Step 3: Did you restring your guitar recently? A different gauge or string type may also cause this issue of your electric guitar sounding off. Check your older strings or take them to a guitar store to get something similar and try putting these new strings on. Strings are relatively cheap, so you can have a few sets lying around.

Also, new strings may produce a brighter, tinny sound until they “break in” if that’s the case, your only bet is to keep playing until then patiently. This process should take several days. Otherwise, you can restring your guitar with a set of strings with a heavier gauge which have some kind of coating. Thicker and coated strings are generally known to sound more mellow.

Step 4: Try playing the guitar and turning the knobs on the guitar all the up and down. Though rare, a bad pot may be causing the issue, in which case the guitar would start sounding off in certain positions of the pot and better in others. If this is indeed the case, you would need to take your guitar to a repair shop. If you have some DIY experience and are comfortable using a soldering iron, you might be able to change it yourself.

A pot is short for a potentiometer, essentially a variable resistance whose value changes with the position of the knob. Most guitars either use a 250K or 500K pot. Your pot may be labeled at the back with the value.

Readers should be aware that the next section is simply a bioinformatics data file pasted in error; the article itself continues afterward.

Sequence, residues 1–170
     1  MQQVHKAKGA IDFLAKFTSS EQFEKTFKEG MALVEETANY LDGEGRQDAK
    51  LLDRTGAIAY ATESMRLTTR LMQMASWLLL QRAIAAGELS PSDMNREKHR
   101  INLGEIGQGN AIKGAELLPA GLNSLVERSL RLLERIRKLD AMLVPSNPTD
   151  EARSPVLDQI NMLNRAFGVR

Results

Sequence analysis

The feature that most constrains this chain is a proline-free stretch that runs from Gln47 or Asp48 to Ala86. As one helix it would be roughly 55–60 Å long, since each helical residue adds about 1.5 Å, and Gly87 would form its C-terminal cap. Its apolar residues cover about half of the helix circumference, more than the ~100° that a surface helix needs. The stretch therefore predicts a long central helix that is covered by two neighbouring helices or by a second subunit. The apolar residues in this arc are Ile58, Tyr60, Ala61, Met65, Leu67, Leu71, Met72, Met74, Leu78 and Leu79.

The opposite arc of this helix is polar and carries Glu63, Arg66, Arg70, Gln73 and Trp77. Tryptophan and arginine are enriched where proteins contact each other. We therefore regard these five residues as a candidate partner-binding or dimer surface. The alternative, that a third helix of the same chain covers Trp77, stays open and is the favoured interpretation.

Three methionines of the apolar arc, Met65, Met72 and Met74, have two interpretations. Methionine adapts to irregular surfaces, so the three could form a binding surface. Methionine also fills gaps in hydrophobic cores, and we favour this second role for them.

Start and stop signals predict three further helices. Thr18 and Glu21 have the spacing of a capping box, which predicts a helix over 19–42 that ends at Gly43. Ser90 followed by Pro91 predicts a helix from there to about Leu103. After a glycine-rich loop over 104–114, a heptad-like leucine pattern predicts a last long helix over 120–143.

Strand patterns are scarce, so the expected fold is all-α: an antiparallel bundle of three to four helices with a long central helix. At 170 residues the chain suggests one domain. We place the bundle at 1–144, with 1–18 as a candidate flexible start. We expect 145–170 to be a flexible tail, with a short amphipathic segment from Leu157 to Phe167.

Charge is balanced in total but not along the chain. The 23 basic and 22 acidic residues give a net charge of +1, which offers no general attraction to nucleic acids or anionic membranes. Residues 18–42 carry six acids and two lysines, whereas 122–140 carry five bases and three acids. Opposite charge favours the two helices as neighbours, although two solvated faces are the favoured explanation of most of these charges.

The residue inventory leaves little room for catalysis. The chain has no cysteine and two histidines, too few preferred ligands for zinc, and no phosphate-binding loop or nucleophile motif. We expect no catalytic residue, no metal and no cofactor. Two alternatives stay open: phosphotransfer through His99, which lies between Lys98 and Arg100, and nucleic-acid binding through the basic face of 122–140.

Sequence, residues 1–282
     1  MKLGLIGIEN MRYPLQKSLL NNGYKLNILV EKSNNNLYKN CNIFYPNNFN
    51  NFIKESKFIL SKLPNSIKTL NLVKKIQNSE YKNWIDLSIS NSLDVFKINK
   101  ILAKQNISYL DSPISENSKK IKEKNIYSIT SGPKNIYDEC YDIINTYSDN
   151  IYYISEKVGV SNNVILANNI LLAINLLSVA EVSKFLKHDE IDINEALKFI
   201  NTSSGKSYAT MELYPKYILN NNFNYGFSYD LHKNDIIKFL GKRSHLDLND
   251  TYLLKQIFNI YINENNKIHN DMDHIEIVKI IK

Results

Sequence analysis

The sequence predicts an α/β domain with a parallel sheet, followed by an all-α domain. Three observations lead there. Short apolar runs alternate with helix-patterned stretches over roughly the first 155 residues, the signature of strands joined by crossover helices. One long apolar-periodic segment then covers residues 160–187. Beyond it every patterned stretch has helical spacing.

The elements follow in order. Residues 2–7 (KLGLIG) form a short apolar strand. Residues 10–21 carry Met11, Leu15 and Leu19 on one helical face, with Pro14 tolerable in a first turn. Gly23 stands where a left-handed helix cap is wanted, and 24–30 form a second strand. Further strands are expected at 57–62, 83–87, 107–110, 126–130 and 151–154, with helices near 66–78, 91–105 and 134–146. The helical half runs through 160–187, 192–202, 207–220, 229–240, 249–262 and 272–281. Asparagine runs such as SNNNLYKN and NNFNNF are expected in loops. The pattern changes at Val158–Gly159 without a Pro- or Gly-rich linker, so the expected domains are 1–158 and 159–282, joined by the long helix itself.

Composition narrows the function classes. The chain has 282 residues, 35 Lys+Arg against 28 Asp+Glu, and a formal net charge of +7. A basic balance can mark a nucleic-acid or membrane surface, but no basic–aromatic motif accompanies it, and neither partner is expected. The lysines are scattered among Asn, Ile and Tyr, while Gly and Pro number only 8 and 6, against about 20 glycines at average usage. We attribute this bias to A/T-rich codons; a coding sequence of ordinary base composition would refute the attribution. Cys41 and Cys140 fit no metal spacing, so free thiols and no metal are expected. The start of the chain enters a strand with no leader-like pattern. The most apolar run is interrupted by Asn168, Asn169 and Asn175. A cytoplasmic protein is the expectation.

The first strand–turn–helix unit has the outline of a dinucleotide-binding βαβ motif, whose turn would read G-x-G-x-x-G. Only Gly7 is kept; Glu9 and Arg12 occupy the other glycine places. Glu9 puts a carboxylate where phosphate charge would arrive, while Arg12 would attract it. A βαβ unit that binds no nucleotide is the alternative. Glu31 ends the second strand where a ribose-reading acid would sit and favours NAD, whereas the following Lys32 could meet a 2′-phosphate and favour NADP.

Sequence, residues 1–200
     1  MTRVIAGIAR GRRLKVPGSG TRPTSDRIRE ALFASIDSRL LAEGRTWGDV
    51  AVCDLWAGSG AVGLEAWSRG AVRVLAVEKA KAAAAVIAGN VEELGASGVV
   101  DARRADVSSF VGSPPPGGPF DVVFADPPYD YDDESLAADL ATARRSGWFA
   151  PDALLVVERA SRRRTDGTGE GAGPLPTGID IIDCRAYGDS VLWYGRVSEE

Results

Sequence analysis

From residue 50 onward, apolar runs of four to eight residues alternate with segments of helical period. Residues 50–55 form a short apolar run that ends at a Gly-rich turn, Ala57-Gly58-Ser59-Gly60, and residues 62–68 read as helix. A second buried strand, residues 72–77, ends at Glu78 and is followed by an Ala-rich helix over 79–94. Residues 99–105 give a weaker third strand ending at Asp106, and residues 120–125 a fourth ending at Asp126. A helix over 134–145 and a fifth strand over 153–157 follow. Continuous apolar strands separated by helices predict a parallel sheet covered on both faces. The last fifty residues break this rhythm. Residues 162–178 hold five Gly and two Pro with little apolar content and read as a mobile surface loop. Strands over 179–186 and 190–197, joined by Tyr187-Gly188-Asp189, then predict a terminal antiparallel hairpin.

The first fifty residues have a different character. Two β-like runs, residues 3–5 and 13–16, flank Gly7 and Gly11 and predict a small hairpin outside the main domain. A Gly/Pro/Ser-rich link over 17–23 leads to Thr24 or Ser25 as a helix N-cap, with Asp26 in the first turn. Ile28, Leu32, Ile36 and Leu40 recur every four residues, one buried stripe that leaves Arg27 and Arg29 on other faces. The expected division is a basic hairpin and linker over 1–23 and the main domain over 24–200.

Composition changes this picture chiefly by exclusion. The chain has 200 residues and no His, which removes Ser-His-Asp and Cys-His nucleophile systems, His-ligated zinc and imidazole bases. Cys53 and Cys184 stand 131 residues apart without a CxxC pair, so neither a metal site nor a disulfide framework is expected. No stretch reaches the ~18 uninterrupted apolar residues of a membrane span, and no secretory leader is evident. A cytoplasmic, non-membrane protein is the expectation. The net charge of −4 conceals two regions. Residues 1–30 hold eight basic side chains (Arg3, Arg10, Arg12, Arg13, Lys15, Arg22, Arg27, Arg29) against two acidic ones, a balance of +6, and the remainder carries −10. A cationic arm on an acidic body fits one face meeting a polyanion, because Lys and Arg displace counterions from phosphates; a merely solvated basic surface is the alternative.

If this doesn’t solve the problem, proceed to step 4.

Step 5: Check your cable jack to see if it has oxidized. Try taking out the jack, inserting it repeatedly, and rotating it while it is inside. An oxidized jack may cause uneven contact with the connectors inside the guitar, causing the issue of your guitar sounding bad.

Try checking and repeating the process at both ends — the guitar side and the amp side of the cable. Also, remember you should need a fair bit of force to insert and remove the jack, which makes a “clicking” sound. If the jack goes freely inside the connector, the connector itself might be the cause of the issue with its pins wearing out.

Changing the output jack may require taking it to a technician. You might be able to replace it if it’s at the guitar side and you’re a DIY person with soldering experience. But, I wouldn’t recommend opening the amp if the culprit output jack is, unfortunately, there.